In 1826, Dr John McLennan was asked by Governor Mounstuart Elphinstone of Bombay to set up the first school to teach modern medicine to Indian citizens. He was expected to create textbooks on a variety of subjects in local languages and teach medicine to poorly educated students in their native tongues. Despite his valiant efforts, the school was deemed a failure and was abolished by the Government in 1832. Sir Robert Grant, appointed Governor of Bombay in 1835, analysed records pertaining to this medical school and concluded that the school failed since Dr McLennan was not provided the assistance he needed and as his suggestions for access to a hospital to teach medicine were not heeded...
January 1, 2017: Journal of Medical Biography
https://www.readbyqxmd.com/read/28382829/a-greek-physician-s-portrait-in-windsor-castle
#16
Christos S Bartsocas
To the visitor to Windsor Castle, the Thomas Lawrence portraits in the Waterloo Chamber represent the most important contributors to the military defeat of Napoleon Bonaparte, by British, Prussian, Russian and Austrian forces at the Battle of Waterloo. Nevertheless, only few individuals realise that a Greek physician, Count Ioannis Capodistrias, a native of the island of Corfu, stands among these leading personalities as a diplomat, the Russian Minister of Foreign Affairs, who contributed remarkably to European unity in the early nineteenth century and as a statesman ('Governor' of Greece) with a tragic end to his life, after establishing a Greek State practically from ruins...
January 1, 2017: Journal of Medical Biography
https://www.readbyqxmd.com/read/28092482/alfred-caleb-taylor-1860-1927-x-ray-pioneer-and-martyr
#17
Martyn Thomas
Alfred Caleb Taylor was the first radiographer at the Peterborough Infirmary and Dispensary from 1896 to 1923. He constructed the first X-ray apparatus and oversaw the development of the X-ray service in Peterborough. He contracted a chronic radiation dermatitis from exposure to X-rays which was a source of considerable suffering for him. When he died in 1927, X-ray dermatitis was considered to have contributed to his death, and he was recognised as an X-ray martyr and a victim of science. In spite of his achievements and his ill-health from working with X-rays, his name is not included on the Martyrs Memorial in Hamburg...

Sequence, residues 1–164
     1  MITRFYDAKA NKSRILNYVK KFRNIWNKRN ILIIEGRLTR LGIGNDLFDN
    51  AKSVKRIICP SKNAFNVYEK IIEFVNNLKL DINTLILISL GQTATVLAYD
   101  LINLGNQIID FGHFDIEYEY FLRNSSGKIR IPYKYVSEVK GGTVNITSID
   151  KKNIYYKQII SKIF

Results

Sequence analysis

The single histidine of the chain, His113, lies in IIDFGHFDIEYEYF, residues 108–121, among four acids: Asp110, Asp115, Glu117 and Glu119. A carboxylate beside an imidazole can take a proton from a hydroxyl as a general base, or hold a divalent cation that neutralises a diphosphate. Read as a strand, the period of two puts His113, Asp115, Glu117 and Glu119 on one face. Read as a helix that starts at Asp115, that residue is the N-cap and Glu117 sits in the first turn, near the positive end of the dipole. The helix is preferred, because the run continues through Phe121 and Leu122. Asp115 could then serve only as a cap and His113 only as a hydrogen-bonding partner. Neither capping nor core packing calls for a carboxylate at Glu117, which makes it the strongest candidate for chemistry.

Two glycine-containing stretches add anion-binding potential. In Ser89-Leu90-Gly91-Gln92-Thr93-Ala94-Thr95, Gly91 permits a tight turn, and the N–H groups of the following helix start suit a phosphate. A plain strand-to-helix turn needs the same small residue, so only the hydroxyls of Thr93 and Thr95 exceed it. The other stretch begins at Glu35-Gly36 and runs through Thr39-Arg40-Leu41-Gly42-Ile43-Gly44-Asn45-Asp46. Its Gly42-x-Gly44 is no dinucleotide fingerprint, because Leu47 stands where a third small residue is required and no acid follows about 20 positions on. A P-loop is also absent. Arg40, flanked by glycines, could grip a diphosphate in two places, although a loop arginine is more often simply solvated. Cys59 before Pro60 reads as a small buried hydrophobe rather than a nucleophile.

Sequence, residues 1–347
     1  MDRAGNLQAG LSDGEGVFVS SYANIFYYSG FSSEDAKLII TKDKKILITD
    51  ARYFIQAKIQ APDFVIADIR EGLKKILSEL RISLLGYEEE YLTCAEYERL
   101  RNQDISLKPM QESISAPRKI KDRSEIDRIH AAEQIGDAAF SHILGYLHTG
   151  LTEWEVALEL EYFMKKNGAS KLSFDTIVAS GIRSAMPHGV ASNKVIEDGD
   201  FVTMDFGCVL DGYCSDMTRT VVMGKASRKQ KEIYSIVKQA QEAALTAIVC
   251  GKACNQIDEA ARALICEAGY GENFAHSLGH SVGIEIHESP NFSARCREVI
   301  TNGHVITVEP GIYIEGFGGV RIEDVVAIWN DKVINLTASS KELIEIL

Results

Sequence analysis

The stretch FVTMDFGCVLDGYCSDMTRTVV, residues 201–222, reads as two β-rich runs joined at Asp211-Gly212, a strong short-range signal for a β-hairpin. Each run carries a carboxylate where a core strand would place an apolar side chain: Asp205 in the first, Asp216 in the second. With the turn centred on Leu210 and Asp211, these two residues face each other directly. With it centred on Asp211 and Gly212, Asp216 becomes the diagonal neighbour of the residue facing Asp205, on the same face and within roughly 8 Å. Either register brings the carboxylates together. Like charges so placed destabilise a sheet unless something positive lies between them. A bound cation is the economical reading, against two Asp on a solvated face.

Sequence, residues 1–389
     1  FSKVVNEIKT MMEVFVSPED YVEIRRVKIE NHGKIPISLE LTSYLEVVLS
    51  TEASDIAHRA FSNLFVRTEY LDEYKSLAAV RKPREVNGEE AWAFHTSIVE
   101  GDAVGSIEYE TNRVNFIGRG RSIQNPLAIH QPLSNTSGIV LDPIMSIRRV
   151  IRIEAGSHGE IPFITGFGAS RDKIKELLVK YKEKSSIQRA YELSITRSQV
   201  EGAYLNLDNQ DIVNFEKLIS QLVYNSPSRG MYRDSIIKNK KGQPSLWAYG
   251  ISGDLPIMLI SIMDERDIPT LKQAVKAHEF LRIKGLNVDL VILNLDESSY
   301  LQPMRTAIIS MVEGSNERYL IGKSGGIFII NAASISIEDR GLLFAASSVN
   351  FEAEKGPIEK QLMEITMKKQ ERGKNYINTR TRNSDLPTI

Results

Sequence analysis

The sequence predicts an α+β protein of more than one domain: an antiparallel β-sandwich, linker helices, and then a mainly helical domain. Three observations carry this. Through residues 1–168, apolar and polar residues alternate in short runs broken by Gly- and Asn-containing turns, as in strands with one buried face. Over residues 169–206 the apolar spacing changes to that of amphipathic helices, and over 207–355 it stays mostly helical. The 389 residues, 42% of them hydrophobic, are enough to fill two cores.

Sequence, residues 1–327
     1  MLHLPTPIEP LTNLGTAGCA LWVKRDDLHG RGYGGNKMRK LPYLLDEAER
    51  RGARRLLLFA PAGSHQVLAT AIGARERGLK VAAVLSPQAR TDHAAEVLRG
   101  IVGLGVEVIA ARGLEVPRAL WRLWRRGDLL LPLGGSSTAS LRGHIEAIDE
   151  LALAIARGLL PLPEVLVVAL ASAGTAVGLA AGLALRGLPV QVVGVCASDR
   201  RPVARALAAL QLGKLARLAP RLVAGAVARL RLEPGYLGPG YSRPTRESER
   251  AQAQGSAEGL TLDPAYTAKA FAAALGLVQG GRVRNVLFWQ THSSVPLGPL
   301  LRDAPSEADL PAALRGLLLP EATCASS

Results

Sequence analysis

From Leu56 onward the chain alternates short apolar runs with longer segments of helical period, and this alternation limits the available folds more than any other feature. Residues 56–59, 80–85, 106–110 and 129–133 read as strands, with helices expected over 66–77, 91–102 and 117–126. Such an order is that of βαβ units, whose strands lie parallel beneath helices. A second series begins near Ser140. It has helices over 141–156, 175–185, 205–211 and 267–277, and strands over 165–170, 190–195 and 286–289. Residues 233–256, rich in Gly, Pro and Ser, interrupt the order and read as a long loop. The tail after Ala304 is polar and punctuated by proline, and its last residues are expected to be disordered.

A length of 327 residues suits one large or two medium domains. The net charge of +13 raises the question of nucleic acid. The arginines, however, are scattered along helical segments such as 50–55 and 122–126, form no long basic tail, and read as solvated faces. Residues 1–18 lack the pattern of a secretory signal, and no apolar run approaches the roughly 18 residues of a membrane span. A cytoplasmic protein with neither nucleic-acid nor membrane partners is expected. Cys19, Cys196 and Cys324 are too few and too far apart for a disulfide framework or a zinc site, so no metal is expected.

January 1, 2017: Journal of Medical Biography
https://www.readbyqxmd.com/read/27885153/karl-otto-landsteiner-1868-1943-physician-biochemist-immunologist
#18
Armond S Goldman, Frank C Schmalsteig
Karl Landsteiner applied the sciences of biochemistry, pathology, microbiology, and immunology in medical research to great success during the first half of the 20th century. Although he is principally known for elucidating the major blood group antigens A and B and their isoantibodies for which he was awarded the Nobel Prize in Physiology or Medicine, Landsteiner made many other important medical discoveries. In that respect, he ascertained that paralytic poliomyelitis was due to a virus, the pancreas was damaged in cystic fibrosis, simple chemicals called haptens were able to combine with antibodies, and the Rh antigen that was later found to be the principal cause of hemolytic anemia of the newborn was found in most humans...
November 24, 2016: Journal of Medical Biography
https://www.readbyqxmd.com/read/27885152/first-use-of-ether-anaesthesia-under-combat-conditions
#19
Henry Connor
No abstract text is available yet for this article.
November 24, 2016: Journal of Medical Biography
https://www.readbyqxmd.com/read/27885151/sushruta-father-of-plastic-surgery-in-benares
#20
Khushbir Bath, Sourabh Aggarwal, Vishal Sharma
Sushruta has been regarded as one of the pioneers of surgery. He performed procedures with crude surgical instruments that paved the path for today's operations. However, his existence is shrouded in myth and mystery. Sushruta belonged to a rich heritage of learned scholars and practiced and taught surgery at Benares University around 600BC. His work is assembled into a monumental thesis, possibly the first text book on surgery, the 'Sushruta Samhita' where he describes surgical instruments, procedures, illnesses, medicinal plants and preparation, dissection and the study of human anatomy, embryology and fractures...
November 24, 2016: Journal of Medical Biography